In a clear bid to distance himself from the CDA's increasingly tough stance on immigration, Bos has said he will sign a general pardon for thousands of asylum seekers who have been living in the Netherlands for years, despite their applications having been rejected.

According to polls, Balkenende's party is on target to become the largest party in the 150-seat lower house of parliament when voters go to the polls this week. Labour is trailing in second place while Verdonk's Liberals, part of Balkenende's ruling coalition, is fighting the Socialist Party for third place. Balkenende, who has been in power since 2002 and is campaigning on his economic credentials, remains the most popular choice for the next Prime Minister, ahead of Bos.

The government's decision to speak out against burqas echoes comments made by former British Foreign Secretary, Jack Straw, who prompted a national debate on the issue when he urged Muslim women to remove full facial veils when talking to him, arguing they were a visible statement of separation and of difference.

The issue has also been hotly debated in other European countries. France has passed a law banning religious symbols, including Muslim headscarves, from schools. Some German states have banned teachers in public schools from wearing headscarves while Italy has outlawed face coverings. Gruniad


Anonymous said...

Here we go again, back to square one.

Nice eye liner by the way.

Himself said...

It says Muslims face discrimination in employment, education and religious freedom for wearing particular forms of dress, and criticizes moves to ban Muslims veils in Belgium, France, the Netherlands and Spain,

No kidding!

Try wearing something that is acceptable to the society in which they live.

It's self discrimination with a capital ess, poor downtrodden Moslems. As you say here we go again!

The report recommends that national anti-discrimination bodies be set up and greater efforts be made to monitor discrimination on the basis of religion.

I haven't the words for that pearl. Stroll on!

Same as I haven't the words for the latest Met/McCann nonsense. Stroll on again!

How are you Chuck? It's been a scrappy old day today, but I did get to see me old Mammy.

Himself said...

Nice eye liner by the way.

She reminds me of the theatre assistant when I had my vasectomy. She had eyes to fall in love with.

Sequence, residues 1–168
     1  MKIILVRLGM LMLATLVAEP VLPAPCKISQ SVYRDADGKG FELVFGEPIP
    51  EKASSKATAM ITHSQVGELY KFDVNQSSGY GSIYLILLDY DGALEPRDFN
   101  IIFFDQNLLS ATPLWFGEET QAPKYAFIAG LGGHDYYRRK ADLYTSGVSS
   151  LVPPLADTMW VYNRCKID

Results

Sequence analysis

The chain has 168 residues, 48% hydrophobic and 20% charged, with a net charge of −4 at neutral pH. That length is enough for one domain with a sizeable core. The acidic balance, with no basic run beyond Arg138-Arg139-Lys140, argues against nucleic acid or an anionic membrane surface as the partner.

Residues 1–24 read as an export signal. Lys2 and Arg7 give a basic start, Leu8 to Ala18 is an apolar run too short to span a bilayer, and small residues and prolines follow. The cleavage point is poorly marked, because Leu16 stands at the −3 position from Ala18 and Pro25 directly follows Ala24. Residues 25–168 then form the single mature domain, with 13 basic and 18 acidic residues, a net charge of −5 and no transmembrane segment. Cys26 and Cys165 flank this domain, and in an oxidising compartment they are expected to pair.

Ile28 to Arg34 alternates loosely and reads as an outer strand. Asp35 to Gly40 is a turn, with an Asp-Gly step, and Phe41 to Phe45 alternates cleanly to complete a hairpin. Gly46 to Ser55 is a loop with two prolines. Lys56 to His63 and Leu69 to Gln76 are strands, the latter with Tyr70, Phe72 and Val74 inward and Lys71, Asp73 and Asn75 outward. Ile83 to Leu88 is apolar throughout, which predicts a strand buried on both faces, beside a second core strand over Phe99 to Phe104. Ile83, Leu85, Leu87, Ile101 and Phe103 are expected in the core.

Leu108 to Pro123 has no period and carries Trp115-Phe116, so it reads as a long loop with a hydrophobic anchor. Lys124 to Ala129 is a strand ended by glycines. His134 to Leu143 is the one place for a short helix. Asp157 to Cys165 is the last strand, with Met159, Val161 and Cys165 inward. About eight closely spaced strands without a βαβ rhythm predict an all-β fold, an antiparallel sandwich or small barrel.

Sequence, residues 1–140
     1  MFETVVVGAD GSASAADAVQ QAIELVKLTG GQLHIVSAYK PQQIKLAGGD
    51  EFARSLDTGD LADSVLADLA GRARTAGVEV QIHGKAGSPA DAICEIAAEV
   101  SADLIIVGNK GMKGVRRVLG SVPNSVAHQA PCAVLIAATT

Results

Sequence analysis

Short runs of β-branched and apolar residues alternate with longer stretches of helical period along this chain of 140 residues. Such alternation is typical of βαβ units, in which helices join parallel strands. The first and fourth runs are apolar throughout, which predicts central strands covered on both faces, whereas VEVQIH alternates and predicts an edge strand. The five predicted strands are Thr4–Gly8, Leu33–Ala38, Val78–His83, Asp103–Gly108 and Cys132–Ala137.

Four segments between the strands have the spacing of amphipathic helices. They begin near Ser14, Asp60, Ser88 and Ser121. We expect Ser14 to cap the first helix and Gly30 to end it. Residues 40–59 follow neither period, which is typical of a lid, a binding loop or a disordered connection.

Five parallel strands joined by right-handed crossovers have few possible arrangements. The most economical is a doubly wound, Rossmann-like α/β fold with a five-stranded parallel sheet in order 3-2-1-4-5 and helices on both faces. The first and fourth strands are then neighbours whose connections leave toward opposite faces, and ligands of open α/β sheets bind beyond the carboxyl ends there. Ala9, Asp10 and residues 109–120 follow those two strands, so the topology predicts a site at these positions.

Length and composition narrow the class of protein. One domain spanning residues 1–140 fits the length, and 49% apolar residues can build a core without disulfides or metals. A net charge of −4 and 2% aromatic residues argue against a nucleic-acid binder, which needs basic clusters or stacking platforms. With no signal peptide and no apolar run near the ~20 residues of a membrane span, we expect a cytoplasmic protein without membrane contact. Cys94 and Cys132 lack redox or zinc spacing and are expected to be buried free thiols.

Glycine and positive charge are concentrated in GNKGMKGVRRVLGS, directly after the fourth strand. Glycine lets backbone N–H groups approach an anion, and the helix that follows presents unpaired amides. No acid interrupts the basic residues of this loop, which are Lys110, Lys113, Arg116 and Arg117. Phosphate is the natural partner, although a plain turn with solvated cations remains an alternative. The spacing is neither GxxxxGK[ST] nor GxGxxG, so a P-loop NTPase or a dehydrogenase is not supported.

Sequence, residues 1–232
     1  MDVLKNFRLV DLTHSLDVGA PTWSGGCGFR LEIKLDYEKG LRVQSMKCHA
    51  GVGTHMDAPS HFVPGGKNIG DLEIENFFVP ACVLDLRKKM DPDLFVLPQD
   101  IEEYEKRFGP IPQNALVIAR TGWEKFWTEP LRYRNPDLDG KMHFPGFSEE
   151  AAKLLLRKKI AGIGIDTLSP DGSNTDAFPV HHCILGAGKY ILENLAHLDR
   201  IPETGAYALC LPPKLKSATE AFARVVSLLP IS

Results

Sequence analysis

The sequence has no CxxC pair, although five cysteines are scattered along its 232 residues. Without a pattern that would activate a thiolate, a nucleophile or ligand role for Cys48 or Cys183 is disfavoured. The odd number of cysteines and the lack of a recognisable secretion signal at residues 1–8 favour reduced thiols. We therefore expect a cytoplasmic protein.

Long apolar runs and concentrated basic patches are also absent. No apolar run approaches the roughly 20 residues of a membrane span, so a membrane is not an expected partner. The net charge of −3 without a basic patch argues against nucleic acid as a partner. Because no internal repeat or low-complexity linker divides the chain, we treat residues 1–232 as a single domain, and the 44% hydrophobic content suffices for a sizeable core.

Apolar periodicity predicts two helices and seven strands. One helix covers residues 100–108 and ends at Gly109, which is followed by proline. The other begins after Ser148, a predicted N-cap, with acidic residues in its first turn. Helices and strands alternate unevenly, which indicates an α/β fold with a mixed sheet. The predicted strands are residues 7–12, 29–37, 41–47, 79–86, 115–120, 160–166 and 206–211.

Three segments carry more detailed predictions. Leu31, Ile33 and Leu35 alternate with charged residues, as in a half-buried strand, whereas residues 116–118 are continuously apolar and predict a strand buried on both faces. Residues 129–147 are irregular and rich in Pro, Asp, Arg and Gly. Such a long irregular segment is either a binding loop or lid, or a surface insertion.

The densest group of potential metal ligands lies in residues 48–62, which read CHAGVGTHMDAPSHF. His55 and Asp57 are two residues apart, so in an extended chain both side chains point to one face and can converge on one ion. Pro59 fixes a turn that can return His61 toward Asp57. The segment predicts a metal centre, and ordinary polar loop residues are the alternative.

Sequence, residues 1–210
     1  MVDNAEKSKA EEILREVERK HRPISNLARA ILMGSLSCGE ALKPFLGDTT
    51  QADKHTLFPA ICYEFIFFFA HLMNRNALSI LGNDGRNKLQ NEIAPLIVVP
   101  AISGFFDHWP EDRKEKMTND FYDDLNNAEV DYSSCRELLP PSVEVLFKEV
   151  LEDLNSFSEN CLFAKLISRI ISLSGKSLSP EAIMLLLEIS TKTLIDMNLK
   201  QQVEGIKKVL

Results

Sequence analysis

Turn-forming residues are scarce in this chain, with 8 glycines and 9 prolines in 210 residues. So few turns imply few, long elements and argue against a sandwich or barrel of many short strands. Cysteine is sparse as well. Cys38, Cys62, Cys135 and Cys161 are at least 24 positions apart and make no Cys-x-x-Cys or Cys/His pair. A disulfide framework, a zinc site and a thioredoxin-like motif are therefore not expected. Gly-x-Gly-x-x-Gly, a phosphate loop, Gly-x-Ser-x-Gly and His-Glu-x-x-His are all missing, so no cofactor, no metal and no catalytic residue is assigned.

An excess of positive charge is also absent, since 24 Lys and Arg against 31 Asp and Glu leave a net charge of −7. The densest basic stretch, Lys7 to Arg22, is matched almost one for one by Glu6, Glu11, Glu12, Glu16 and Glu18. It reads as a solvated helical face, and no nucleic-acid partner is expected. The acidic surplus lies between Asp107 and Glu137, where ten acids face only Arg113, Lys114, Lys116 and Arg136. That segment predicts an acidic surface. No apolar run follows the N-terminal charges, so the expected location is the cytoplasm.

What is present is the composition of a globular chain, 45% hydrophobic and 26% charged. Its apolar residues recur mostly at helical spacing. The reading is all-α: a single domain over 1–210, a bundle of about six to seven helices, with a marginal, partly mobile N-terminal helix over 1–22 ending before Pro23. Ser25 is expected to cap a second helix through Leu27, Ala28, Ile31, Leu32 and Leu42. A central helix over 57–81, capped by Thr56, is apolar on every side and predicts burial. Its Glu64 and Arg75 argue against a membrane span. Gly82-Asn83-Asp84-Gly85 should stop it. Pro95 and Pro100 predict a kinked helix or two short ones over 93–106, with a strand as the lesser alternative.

Laid there all shaven, nervous, and then she took the forceps with a big ball of something soaked in some freezing liquid and splashed it all around.

I felt about ten years old.

Anonymous said...

"One reason cited for banning the wearing of burqas has nothing to do with religion or female oppression, but rather security."

Himself said...


Various opinions.

Anonymous said...

Good morning H,

Explanation why I’m not a supporter of Wilders.

As a said a few? years ago (where’s the time go?), Wilders is right when it comes to Islam, but he is no good at governing. I agree with Teddy, against religion in the public square. Pity the Dutch government and opposition parties don’t pick up the signals from a part of the Dutch population, after all Wilders is representing them. Ban the burqa for example. Alas, we’re back to square one and Wilders and his supporters become more extreme.

I often have the feeling my comments don’t cover the subject exactly. Can you learn Dutch please :)

Kind regards,

Anonymous said...

As I said, typo

Himself said...

Good morning Maren.

Hannity and Wilders, a match made in heaven, and Billo to be bridesmaid?

I bet the Right, the far right, and the extreme right (80% of the population) will make Wilders feel like he's visiting royalty, not least after his 'poor surrounded Israel' spiel, and of course the Christian Judea thing, those Yankies just love those Christian Judea values. Might is right!

As for all you say, I couldn't agree more, I could no more vote for such a far right candidate as I could the man in the moon.

But Wilders is where he is today because he fills a niche and addresses peoples genuine concerns, something that moderates everywhere, not just in the Netherlands, fail to do.

More tea, then it's the dentist again I'm afraid. Such is life.

Anonymous said...

Stepan Kerkyasharian, the head of the Community Relations Commission of NSW, highlighted the concerns of the Muslim community about the outcome of Wilders' tour.

Kerkyasharian said it was important other groups that may have their own agenda do not try to use his visit as an opportunity to vent their own venom.